A. That is part of the process that is always important for us to consider; we want the event to grow and be successful but do not want it to lose the things that make it special. So far we have been happy with the growth of the event and feel that we haven’t lost the intimate feeling that makes the Nelsonville Music Festival so successful. Tim [Peacock, Executive Director of Stuart’s and the Festival] always says that we would not sell more than 6,000 tickets, and we haven’t gotten to that many sold tickets yet, so there is some room to grow. We do have between 5,000 and 6,000 people over the weekend between attendees and of course all of the volunteers and people that make this event happen. We like to keep the focus on the person attending and the music and go from there. I think sometimes at larger festivals that interaction and focus can get lost and swallowed up in the size of the event. This festival is a personal experience, and we like it that way. Even at Nelsonville, you can go from watching a band on the main stage with a larger crowd to watching an artist play in the No-Fi Cabin [an old schoolhouse on the grounds of the festival that is part of the Robbins Crossing historic village] totally acoustic with no electricity and about 40 people.
Q. How do you go about booking bands? You have such a fantastic diversity.
A. Tim [Peacock] handles the booking, and of course we give him some input, but he crafts the lineup each year, and in my opinion, does a great job especially when it comes to diversity. I think that diversity is another reason this festival is unique. It’s not just one type of music and it isn’t the same bands who play all of the summer festivals each year. We always say the lineup is full of music that music-lovers would enjoy no matter what genre that may be, so there is a always a mix of living legends [John Prine, Mavis Staples, Jonathan Richman], larger current acts [Wilco, Cat Power, Gogol Bordello], up-and-coming bands [Lucius, Wild Belle], independent music staples [Sharon Van Etten, Calexico], and lots of great Ohio music, too. This year, there are close to two dozen acts from Ohio. I always hear from people that they come to Nelsonville Music Festival to see certain bands or just because they love the event and then end up leaving at the end of the weekend with several new favorite bands they didn’t know about before they came. That’s always a great thing to hear.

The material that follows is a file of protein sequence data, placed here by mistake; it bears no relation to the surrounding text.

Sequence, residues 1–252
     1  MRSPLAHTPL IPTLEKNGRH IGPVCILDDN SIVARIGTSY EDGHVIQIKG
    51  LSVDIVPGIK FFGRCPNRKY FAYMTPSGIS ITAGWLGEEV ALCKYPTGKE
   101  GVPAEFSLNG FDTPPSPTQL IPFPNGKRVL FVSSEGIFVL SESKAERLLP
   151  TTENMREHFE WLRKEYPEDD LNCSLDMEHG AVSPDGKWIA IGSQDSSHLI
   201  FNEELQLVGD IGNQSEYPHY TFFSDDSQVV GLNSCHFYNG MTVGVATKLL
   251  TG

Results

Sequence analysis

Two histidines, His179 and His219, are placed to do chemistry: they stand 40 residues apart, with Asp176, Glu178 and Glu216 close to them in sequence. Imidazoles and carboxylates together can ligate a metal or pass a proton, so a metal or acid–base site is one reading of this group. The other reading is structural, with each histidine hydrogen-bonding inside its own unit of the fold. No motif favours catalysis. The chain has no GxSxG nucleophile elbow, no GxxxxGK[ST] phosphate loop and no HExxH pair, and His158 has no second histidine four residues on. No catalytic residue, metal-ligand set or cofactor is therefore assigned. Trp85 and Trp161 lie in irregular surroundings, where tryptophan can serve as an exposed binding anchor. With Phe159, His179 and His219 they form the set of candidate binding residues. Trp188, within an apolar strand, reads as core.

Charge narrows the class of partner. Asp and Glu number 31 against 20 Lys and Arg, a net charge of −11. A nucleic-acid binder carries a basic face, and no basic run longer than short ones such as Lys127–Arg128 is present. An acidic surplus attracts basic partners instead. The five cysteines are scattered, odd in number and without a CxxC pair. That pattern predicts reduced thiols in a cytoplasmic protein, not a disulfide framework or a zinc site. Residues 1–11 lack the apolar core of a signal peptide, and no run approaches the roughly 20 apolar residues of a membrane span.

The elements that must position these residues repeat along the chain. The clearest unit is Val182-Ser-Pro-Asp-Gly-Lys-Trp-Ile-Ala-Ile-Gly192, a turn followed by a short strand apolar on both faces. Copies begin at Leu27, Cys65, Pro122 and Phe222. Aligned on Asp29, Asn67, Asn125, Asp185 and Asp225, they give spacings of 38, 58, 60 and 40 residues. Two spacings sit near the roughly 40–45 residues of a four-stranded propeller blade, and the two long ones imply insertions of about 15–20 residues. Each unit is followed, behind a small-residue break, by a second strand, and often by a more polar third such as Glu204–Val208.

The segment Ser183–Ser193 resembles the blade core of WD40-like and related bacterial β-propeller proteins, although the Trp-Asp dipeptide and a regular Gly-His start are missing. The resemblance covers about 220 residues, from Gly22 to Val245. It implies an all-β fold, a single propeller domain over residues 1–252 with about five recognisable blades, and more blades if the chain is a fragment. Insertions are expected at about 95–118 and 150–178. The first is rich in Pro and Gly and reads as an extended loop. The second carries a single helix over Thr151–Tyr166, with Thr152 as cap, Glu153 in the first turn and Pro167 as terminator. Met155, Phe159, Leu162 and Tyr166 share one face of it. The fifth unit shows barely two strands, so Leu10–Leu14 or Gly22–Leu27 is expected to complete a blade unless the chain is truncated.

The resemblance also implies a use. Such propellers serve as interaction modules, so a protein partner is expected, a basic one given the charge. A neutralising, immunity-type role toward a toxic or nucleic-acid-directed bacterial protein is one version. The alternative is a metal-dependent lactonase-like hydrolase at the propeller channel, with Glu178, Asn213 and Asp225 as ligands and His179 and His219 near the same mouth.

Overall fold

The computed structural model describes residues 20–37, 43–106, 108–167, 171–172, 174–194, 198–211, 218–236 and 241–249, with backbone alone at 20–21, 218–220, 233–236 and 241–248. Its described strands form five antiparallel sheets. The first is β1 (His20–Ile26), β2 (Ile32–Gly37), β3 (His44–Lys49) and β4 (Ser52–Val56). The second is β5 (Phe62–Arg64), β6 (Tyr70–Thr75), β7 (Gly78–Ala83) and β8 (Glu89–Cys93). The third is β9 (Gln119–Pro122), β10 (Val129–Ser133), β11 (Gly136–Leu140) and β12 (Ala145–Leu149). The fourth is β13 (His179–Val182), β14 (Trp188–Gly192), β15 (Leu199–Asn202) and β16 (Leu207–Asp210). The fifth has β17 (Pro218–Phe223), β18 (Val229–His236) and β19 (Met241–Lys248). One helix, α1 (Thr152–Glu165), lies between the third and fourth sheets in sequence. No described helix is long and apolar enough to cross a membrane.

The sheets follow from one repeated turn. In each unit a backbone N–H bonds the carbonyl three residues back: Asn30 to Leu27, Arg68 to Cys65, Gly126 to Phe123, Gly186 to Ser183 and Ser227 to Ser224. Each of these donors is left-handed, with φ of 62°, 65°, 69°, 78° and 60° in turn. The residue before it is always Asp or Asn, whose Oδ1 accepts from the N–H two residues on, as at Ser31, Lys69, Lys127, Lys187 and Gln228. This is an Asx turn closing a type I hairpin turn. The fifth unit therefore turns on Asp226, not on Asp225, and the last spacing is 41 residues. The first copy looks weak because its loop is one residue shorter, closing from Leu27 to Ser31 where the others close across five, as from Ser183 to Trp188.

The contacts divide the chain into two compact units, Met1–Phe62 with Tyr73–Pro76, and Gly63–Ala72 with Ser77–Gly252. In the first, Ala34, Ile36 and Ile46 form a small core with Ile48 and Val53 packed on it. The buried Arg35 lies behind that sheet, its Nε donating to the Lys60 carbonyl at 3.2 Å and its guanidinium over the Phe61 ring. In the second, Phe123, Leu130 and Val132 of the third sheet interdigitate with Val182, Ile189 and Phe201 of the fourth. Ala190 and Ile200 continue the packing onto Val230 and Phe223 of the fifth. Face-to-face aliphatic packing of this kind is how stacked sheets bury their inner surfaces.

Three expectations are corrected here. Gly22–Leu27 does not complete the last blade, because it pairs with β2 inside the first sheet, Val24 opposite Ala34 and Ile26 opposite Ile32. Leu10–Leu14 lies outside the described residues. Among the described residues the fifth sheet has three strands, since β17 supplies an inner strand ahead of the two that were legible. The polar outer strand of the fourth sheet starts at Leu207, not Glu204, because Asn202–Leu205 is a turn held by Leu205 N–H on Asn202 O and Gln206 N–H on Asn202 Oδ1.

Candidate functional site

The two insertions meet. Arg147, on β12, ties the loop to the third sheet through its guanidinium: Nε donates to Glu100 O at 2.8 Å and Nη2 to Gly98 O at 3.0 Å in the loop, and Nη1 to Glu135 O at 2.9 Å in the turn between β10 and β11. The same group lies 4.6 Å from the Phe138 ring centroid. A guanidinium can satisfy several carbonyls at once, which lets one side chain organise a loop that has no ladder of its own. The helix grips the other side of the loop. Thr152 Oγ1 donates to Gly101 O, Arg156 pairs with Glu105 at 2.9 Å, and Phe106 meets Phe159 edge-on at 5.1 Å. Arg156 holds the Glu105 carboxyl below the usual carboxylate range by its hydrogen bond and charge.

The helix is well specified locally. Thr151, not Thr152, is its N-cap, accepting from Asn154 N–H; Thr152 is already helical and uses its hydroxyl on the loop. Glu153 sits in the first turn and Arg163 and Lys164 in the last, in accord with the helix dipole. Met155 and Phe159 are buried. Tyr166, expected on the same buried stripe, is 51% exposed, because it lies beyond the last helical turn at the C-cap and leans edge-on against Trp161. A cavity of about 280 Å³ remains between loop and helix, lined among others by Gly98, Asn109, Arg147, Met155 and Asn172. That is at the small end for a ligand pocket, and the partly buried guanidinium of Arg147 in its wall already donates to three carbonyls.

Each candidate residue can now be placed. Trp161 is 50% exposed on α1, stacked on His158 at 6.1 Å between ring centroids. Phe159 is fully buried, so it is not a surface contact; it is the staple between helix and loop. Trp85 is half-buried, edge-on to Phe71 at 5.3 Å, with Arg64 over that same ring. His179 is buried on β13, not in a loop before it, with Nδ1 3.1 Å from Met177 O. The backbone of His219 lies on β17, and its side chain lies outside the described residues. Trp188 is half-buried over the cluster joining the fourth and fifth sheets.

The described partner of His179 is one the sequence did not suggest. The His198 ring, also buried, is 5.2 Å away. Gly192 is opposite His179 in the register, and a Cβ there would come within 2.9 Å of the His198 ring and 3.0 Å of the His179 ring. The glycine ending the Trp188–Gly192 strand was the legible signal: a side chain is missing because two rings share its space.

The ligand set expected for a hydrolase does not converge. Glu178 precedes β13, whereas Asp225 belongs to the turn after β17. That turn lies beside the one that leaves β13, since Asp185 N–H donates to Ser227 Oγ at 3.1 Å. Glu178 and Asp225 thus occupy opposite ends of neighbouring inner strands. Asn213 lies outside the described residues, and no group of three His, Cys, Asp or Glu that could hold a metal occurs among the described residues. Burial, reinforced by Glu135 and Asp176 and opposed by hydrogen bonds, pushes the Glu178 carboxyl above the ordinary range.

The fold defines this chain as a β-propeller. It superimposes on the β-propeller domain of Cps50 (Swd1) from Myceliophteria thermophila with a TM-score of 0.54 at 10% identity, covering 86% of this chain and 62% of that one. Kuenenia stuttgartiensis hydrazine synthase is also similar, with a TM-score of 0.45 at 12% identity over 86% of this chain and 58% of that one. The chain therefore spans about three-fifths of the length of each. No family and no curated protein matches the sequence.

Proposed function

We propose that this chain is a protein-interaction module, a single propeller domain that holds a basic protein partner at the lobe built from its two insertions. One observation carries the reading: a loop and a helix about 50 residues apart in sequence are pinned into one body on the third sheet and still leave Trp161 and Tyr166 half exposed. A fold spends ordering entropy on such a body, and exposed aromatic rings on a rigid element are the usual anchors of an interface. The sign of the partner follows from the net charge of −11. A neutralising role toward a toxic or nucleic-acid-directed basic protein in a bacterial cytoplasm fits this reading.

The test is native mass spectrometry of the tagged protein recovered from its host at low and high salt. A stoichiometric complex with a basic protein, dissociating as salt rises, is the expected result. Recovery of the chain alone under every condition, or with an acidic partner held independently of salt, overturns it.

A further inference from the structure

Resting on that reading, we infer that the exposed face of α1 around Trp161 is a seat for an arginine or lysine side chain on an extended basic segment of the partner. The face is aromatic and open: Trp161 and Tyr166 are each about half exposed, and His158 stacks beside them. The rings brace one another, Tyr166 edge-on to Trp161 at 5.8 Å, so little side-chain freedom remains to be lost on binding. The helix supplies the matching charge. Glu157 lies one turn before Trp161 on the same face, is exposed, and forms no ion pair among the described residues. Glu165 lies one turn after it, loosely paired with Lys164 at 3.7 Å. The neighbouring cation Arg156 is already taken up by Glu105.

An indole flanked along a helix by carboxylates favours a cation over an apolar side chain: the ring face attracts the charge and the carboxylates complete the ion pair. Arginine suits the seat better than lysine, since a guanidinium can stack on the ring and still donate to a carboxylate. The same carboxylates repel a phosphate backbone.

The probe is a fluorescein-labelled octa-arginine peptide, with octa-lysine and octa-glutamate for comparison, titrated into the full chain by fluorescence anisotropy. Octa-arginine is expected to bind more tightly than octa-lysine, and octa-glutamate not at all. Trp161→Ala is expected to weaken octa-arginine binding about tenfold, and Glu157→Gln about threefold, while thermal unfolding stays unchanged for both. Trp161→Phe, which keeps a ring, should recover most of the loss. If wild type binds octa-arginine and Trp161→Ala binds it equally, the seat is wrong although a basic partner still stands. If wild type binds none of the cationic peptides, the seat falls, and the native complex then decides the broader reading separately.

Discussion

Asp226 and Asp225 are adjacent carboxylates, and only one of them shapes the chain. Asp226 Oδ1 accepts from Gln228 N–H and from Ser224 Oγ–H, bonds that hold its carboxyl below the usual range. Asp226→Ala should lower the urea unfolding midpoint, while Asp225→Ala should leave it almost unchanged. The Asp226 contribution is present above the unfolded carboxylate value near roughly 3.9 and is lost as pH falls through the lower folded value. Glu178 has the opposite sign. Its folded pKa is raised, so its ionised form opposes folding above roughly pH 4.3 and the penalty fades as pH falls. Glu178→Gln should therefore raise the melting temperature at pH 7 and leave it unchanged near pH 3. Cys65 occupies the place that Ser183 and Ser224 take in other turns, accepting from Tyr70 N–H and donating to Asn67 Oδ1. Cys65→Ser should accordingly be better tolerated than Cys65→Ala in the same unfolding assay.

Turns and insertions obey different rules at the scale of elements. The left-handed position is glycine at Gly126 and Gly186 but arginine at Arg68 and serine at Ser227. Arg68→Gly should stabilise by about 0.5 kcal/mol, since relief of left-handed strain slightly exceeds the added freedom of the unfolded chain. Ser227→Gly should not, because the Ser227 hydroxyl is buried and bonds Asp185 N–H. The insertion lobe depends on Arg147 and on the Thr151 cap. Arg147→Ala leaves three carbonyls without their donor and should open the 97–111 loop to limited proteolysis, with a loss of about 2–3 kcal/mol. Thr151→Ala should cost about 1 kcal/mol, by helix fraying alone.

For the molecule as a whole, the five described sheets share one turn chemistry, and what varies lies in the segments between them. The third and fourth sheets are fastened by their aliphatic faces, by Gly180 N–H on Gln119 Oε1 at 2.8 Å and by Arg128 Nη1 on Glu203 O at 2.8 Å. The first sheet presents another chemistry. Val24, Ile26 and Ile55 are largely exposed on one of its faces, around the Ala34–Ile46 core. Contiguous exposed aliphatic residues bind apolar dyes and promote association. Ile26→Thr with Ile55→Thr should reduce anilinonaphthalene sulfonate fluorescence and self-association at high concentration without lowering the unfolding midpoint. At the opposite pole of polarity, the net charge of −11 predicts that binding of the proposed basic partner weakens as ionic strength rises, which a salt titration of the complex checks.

Q. The festival is clearly about great music, but there are vendors and artists and even children’s events. Is this a family-oriented event?
A. Of course! We have an unbelievable Kids Area with all sorts of activities throughout the weekend including painting our annual mural [the previous years is used as a backdrop by our second stage], making art, drama activities, workshops, puppets — and anything else you can think of. There is also a huge parade on Saturday evening that is led by kids and the amazing volunteers in our Kids Area involving some huge puppets and more that are made throughout the weekend at the festival. There are also some kids sets by musicians in the No-Fi Cabin on Saturday and more. Its a great event for kids, and all kids 12 and under are free. There are kids activities all weekend long. Plus, there are about 40 artisan vendors selling their work and even a family camping area in the campground.
Q. What are you, personally, most excited about this year?
A. I’m excited for all of it! After you spend so much time working on something, it’s always just great to see it happen. Of course I’m excited for the headliners, Wilco is always great, and I can’t wait to see John Prine who I have not seen live before. But my favorites are usually the bands playing on the Porch stage, I’m very excited to see William Tyler, Endless Boogie, Wooden Indian Burial Ground, Reigning Sound, and of course all the great local music, too.
Q. Ticket information?
A. Tickets are on sale now at nelsonvillefest.org or by calling (740) 753-1924. You can purchase tickets in advance and save some money, prices will be higher at the gate. Camping passes are also on sale.
Q. Anything else you want to add?
A The campground opens at noon on Thursday, May 30 and gates to the festival open at 5 p.m. that night. Gates open at 9 a.m. on Friday, Saturday and Sunday, and music starts around 10:30 a.m. each day and goes until late at night. We think you should all come out and check out the Nelsonville Music Festival, with 57 acts on multiple stages over four days its the perfect event if you are a music lover. See the full lineup, purchase tickets, and get more information at nelsonvillefest.org.
The Nelsonville Music Festival is a production of Stuart’s Opera House, a historic, non-profit theater located in Nelsonville that features over 75 events a year including live music, theater, films, educational programming and more. You can find out more about Stuart’s by visiting stuartsoperahouse.org.